The book, like Jamyang Norbu’s Mandala, while being set in Tibet is not fundamentally a Tibetan novel. If Jamyang Norbu’s Sherlock Holmes novel is a masterful pastiche of a highly reputable genre, Tablet of Gods is a dubious attempt to compress into a linear spreadsheet the story of Tibet’s unfolding entirety. Its plot a germination of an actual event in 1943 involving the crash-landing in Tibet of an American C-87 cargo plane flying the "hump" from China to India, the novel’s narrative rides on several American characters high on Himalayan adventures. And although he makes no presumption of indulging Tibetan sensibility at its pivot, the author barely avoids reinforcing Western fantasies upon a country and a people about which his knowledge is, otherwise, substantial.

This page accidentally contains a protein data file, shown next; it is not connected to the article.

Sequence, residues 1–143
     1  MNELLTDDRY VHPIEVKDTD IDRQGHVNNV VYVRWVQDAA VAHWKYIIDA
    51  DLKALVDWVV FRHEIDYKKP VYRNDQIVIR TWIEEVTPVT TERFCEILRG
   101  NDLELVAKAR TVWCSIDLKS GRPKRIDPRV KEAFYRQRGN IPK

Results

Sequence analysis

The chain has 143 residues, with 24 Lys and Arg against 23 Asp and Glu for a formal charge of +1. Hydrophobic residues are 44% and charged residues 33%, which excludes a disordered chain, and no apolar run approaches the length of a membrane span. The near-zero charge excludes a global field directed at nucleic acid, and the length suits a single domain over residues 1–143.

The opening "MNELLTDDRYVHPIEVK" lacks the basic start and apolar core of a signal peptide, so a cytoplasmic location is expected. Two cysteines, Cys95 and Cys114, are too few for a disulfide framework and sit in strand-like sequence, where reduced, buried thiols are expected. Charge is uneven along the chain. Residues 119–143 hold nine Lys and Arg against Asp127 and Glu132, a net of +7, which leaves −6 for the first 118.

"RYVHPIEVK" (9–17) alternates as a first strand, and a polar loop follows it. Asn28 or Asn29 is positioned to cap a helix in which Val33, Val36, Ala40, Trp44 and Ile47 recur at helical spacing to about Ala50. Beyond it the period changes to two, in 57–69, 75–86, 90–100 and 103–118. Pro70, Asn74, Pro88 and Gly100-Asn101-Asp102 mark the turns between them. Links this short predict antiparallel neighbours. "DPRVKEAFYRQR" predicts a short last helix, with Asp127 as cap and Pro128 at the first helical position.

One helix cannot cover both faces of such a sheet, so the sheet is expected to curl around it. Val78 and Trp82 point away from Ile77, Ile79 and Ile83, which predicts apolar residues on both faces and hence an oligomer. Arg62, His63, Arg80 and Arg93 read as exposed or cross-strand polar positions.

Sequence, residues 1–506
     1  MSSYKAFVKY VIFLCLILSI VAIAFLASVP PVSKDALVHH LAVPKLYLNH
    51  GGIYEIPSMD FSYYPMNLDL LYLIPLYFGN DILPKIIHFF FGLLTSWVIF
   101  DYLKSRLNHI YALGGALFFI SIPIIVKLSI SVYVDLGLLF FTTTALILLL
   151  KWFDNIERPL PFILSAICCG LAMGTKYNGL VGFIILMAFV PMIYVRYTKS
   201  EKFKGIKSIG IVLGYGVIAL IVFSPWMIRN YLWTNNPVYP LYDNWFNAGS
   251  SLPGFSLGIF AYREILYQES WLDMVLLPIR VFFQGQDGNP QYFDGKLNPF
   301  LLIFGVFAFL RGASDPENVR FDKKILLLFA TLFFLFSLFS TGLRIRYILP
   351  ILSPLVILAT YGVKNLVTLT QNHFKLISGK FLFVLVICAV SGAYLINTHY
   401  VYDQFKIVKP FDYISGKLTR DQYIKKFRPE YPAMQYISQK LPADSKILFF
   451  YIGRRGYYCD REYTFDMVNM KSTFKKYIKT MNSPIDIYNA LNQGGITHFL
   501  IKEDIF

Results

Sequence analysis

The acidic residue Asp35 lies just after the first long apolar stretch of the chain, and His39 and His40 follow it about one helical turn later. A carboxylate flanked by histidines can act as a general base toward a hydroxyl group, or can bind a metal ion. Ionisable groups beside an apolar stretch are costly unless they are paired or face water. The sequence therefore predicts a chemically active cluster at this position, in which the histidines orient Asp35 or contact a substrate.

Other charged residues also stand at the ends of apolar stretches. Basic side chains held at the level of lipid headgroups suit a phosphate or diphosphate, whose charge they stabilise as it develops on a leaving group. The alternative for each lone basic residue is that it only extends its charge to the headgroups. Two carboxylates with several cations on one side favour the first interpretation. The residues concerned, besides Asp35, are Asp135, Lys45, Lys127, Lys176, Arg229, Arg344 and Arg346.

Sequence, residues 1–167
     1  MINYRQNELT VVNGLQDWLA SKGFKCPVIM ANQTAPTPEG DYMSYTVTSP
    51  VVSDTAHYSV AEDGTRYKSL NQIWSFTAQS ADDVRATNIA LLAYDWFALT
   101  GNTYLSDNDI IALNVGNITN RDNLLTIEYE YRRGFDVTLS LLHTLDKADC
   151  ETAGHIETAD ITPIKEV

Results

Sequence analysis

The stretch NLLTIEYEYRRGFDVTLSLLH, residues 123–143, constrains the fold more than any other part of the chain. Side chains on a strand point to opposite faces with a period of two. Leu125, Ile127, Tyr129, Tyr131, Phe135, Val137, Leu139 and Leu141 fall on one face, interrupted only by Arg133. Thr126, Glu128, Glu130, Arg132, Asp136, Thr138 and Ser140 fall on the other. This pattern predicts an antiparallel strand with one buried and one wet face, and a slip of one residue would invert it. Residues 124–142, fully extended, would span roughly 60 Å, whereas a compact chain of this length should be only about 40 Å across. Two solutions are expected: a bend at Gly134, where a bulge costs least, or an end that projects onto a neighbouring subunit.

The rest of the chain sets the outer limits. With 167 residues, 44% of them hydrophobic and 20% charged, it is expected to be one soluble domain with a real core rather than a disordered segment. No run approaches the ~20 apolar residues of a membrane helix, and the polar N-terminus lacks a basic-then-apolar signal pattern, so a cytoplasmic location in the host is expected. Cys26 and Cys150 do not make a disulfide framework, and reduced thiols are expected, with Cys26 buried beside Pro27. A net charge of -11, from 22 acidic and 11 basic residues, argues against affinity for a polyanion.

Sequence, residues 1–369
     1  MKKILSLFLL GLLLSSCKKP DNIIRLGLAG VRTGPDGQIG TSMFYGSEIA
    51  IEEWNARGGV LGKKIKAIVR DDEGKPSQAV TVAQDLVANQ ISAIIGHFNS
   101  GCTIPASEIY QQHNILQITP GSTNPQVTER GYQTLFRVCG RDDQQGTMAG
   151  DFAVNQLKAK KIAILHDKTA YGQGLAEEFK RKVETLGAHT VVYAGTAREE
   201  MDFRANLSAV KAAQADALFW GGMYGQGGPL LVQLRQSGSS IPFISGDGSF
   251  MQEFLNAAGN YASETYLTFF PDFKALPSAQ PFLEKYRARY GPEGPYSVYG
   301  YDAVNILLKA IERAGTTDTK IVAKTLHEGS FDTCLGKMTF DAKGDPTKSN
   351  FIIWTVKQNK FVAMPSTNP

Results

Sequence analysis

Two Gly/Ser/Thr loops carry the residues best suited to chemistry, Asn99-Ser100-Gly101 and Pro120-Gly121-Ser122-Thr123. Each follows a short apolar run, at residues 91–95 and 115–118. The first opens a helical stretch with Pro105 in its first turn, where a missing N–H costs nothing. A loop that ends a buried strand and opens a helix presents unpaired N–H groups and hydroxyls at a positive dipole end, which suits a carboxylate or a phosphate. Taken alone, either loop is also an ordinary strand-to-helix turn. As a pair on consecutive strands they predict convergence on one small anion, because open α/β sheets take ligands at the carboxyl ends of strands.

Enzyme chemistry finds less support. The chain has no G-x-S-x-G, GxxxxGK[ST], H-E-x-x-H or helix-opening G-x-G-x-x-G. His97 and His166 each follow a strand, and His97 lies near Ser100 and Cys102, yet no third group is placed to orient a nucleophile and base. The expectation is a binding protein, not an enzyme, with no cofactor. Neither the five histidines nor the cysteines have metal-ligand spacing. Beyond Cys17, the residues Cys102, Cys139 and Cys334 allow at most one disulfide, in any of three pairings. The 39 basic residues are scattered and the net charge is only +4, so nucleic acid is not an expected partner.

Part inspired from Jame’s Hilton’s Lost Horizon, partly from Jamyang Norbu’s Mandala of Sherlock Holmes, its influence owing mostly to Kipling adventurism; the book is also a discomfiting peek into Steven Seagal’s mercifully shelved Dixie Cup. It deviates little from the Hollywood morale: the American hero inevitably defuses the bomb at the end. Only the novel’s Roger is a Bruce Willis who sneaks clandestinely into Tibet with a band of resistant fighters and proudly walks out having assured a Hu Jintao-Dalai Lama reconciliation; all that without a whimper. And in between, he woos a Tibetan girl, untangles a knotty equation with an ex-girlfriend and achieves overnight fatherhood over two "brown" races.